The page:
CAPE CANAVERAL, Fla., Aug 18 - A pair of Russian cosmonauts
began their workweek on Monday floating outside the
International Space Station to toss out a small satellite for a
university in Peru, install science experiments and tackle some
First out of the hatch was cosmonaut Oleg Artemyev, who
stood on ladder outside the station's Pirs airlock to release a
2.2-pound (1 kg), 4-inch (10 cm) cube-shaped satellite built by
students at the National University of Engineering in Lima,
Video broadcast on NASA Television showed the satellite,
called Chasqui-1, tumbling away from the back of the station as
it sailed about 260 miles (418 km) above the southern Pacific
The solar-powered spacecraft, whose name means "messenger"
in Incan, is outfitted with visible and infrared cameras to take
pictures of Earth and sensors to measure temperature and
pressure as it orbits.
Artemyev was then joined by spacewalker Alexander Skvortsov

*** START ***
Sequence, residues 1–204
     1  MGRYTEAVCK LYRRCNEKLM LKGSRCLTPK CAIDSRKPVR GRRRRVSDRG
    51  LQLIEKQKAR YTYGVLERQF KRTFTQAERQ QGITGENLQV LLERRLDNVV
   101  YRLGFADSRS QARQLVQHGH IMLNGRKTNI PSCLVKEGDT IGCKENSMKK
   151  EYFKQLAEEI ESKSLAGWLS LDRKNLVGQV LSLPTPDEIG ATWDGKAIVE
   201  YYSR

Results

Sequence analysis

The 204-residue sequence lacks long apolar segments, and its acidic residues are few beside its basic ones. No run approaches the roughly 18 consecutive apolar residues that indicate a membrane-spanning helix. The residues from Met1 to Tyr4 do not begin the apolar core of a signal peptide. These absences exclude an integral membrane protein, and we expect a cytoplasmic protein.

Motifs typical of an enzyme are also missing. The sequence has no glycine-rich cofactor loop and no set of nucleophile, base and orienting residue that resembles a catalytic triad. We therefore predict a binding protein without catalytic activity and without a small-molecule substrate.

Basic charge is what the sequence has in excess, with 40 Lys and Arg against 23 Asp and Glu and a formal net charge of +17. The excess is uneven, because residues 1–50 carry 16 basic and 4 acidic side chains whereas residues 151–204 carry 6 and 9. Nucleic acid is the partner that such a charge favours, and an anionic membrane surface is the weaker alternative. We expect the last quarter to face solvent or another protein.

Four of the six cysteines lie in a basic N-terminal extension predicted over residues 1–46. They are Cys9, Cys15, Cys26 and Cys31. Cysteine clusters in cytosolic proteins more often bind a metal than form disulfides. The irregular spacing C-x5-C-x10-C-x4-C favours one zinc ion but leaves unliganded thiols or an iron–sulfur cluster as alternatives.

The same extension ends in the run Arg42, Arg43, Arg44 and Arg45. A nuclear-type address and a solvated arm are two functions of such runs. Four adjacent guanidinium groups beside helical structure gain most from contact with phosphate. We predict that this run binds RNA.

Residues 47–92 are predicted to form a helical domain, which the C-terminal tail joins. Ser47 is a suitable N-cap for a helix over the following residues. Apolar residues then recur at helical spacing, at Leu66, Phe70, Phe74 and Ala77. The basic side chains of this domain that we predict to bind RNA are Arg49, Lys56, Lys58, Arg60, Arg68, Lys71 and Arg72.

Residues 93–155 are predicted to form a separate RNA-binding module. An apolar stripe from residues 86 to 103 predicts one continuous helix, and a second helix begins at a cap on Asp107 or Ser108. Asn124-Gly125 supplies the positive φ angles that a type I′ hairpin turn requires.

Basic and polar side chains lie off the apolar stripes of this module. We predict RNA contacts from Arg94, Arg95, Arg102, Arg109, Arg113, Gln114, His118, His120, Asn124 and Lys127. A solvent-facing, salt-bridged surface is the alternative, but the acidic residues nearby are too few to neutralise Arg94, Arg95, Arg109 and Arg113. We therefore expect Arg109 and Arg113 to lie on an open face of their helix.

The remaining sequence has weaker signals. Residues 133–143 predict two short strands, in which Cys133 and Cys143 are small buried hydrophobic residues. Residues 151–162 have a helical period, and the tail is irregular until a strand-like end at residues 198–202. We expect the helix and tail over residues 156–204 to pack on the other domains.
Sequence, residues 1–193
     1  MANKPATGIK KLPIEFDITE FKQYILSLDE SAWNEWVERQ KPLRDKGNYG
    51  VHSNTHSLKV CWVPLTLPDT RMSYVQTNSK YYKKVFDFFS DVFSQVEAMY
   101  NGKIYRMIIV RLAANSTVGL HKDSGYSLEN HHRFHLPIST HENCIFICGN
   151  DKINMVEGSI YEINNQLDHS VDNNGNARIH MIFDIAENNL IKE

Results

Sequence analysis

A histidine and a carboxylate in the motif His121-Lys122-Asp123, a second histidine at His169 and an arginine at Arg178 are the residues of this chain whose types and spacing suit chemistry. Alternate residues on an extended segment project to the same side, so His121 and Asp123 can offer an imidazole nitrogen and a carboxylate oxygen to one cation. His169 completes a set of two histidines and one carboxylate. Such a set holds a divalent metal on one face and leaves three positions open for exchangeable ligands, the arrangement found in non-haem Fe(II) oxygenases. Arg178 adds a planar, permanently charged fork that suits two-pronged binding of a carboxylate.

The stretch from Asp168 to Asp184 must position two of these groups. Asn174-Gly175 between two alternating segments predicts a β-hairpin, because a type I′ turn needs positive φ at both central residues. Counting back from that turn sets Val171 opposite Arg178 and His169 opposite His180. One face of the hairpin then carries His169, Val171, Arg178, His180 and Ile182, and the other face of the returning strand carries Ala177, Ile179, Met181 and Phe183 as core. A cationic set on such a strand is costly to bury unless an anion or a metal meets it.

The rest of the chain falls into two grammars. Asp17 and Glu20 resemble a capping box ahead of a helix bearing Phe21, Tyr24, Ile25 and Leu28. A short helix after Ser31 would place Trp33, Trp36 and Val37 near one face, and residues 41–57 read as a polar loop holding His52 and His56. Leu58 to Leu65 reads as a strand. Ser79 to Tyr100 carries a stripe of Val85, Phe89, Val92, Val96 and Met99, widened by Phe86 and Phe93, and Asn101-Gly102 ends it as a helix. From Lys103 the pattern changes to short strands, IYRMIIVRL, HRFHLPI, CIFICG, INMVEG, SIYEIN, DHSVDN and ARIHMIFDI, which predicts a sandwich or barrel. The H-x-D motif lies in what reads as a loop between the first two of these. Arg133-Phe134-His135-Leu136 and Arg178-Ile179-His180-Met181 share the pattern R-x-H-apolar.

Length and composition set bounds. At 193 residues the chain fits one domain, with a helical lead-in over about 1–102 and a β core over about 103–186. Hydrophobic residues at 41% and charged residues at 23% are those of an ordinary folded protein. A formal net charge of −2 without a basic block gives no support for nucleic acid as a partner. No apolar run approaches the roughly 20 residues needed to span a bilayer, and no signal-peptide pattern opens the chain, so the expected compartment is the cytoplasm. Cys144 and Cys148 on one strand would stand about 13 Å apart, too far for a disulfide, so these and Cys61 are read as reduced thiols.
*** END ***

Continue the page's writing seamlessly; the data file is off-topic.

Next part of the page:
to install a European package of experiments to the outside of
the Russian Zvezda module. The experiments include biomaterials
and extremophiles, which are organisms that can live in
extremely hostile environments.
Scientists hope to use information about how the organisms
fare in the highly radioactive and extreme temperatures of space
to devise life-detection techniques for future robotic Mars
The cosmonauts also installed a reinforcing clamp for a
communications antenna they attached during their last spacewalk
in June. Monday's to-do list includes taking samples of residue
on the outside of some of Zvezda's windows and setting up an
experiment to measure how plumes from rocket engine burns may be
impacting parts of station.
Artemyev, Skvortsov and NASA station commander Steve Swanson
are five months into a planned six-month mission. Also aboard
the complex are NASA astronaut Reid Wiseman, European astronaut
Alexander Gerst and Russian cosmonaut Maxim Suraev, who arrived
on May 28.
The station, a $100 billion research laboratory for
materials and life science experiments, technology
demonstrations and other microgravity research, is a partnership
of 15 nations that has been occupied by rotating crews of
astronauts and cosmonauts since November 2000.
The spacewalk, which began shortly after 10 a.m. EDT (1400
GMT), is expected to last about six hours.
(Editing by Susan Heavey)